Source: Journal of Thoracic and Cardiovascular Surgery
Author(s): Diyar Saeed, Bujar Maxhera, Hiroyuki Kamiya, Artur Lichtenberg, Alexander Albert

The authors describe an alternative technique for insertion of a temporary RVAD so as to allow minimally invasive removal  without sternotomy after RV recovery.  An elongated graft is sewn to the PA and exited in the subxyphoid area at a site that is separate from the sternotomy incision.  After exiting, the graft is attached to an outflow cannula.  Inflow from the RA is accessed via a long cannula inserted percutaneously in the femoral vein.  At the time of RVAD removal, the graft is exposed in the subxyphoid space, where it is transected, ligated, and returned to the chest.  The femoral cannula is removed from the groin and pressue held at its entry site until hemostasis is achieved.

Innovative ways of allowing removal of a temporary RVAD without the need for sternotomy are of great value.  Surgeons should have these tools in their armamentarium.  Importantly, there are percutaneous RVADs on the horizon that may ultimately allow RVAD removal without necessarily a return trip to the OR.  Innovation and technology are playing a central role in rendering MCS surgery less invasive and therefore safer.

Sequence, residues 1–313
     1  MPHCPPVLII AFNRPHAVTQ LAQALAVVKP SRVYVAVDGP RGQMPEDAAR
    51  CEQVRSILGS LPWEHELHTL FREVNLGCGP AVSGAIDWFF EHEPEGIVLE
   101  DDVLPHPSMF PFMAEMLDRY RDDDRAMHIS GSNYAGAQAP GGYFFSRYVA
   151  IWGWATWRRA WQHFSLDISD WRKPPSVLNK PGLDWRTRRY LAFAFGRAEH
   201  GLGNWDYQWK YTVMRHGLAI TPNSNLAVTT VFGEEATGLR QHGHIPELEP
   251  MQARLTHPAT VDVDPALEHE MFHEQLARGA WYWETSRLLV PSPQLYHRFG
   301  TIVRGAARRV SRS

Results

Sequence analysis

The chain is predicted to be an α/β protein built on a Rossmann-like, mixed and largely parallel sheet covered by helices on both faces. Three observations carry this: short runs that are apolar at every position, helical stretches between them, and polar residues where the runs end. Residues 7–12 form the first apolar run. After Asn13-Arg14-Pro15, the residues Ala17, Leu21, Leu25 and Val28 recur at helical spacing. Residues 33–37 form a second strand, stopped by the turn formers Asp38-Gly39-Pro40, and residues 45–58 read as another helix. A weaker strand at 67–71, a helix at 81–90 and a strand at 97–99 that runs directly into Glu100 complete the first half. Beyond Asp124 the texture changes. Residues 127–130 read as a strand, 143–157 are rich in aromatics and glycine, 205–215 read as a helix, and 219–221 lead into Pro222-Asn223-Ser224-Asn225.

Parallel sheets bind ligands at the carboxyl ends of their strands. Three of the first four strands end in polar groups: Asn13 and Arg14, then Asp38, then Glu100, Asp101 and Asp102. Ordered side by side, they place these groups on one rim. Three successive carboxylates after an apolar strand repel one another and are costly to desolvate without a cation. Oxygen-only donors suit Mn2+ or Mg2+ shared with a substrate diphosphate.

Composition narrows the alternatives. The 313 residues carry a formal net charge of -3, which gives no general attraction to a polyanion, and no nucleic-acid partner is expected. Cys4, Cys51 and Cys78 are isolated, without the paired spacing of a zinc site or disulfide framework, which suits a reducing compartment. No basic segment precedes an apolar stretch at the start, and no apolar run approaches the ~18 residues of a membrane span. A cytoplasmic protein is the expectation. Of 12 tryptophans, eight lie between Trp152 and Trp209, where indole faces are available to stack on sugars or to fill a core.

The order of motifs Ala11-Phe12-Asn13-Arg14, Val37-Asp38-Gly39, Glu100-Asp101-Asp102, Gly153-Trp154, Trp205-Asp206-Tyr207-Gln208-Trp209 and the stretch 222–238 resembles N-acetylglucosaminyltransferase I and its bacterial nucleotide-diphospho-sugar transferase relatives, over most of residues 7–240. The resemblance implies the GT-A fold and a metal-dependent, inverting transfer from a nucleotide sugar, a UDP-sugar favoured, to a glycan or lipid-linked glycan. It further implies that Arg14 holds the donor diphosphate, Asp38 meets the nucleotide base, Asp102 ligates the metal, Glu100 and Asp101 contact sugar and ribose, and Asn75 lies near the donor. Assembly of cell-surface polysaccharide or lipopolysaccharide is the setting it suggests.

Source: Circulation
Author(s): Cuypers JA, Menting ME, Konings EE , Opić P, Utens EM, Helbing WA, Witsenburg M, van den Bosch AE, Ouhlous M, van Domburg RT, Rizopoulos D, Meijboom FJ, Boersma E, Bogers AJ, Roos-Hesselink JW